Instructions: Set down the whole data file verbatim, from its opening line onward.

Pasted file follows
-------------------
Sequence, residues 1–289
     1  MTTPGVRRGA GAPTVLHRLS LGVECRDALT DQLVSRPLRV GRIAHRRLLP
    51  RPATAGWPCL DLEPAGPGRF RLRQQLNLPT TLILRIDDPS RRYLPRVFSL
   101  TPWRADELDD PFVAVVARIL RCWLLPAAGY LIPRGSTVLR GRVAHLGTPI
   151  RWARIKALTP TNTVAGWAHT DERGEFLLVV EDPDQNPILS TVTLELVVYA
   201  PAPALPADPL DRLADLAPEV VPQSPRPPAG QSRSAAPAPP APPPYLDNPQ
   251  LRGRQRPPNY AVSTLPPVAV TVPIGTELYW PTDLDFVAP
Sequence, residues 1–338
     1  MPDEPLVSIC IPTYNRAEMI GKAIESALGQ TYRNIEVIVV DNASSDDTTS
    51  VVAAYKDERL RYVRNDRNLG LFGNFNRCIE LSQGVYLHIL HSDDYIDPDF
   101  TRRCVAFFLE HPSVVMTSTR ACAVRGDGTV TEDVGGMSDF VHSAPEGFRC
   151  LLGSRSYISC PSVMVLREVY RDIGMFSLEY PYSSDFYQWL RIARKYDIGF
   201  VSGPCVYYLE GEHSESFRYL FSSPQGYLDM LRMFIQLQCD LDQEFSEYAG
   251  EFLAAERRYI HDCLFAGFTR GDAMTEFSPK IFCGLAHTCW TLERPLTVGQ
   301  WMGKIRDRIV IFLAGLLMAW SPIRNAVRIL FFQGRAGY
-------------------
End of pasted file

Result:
Sequence, residues 1–289
     1  MTTPGVRRGA GAPTVLHRLS LGVECRDALT DQLVSRPLRV GRIAHRRLLP
    51  RPATAGWPCL DLEPAGPGRF RLRQQLNLPT TLILRIDDPS RRYLPRVFSL
   101  TPWRADELDD PFVAVVARIL RCWLLPAAGY LIPRGSTVLR GRVAHLGTPI
   151  RWARIKALTP TNTVAGWAHT DERGEFLLVV EDPDQNPILS TVTLELVVYA
   201  PAPALPADPL DRLADLAPEV VPQSPRPPAG QSRSAAPAPP APPPYLDNPQ
   251  LRGRQRPPNY AVSTLPPVAV TVPIGTELYW PTDLDFVAP
Sequence, residues 1–338
     1  MPDEPLVSIC IPTYNRAEMI GKAIESALGQ TYRNIEVIVV DNASSDDTTS
    51  VVAAYKDERL RYVRNDRNLG LFGNFNRCIE LSQGVYLHIL HSDDYIDPDF
   101  TRRCVAFFLE HPSVVMTSTR ACAVRGDGTV TEDVGGMSDF VHSAPEGFRC
   151  LLGSRSYISC PSVMVLREVY RDIGMFSLEY PYSSDFYQWL RIARKYDIGF
   201  VSGPCVYYLE GEHSESFRYL FSSPQGYLDM LRMFIQLQCD LDQEFSEYAG
   251  EFLAAERRYI HDCLFAGFTR GDAMTEFSPK IFCGLAHTCW TLERPLTVGQ
   301  WMGKIRDRIV IFLAGLLMAW SPIRNAVRIL FFQGRAGY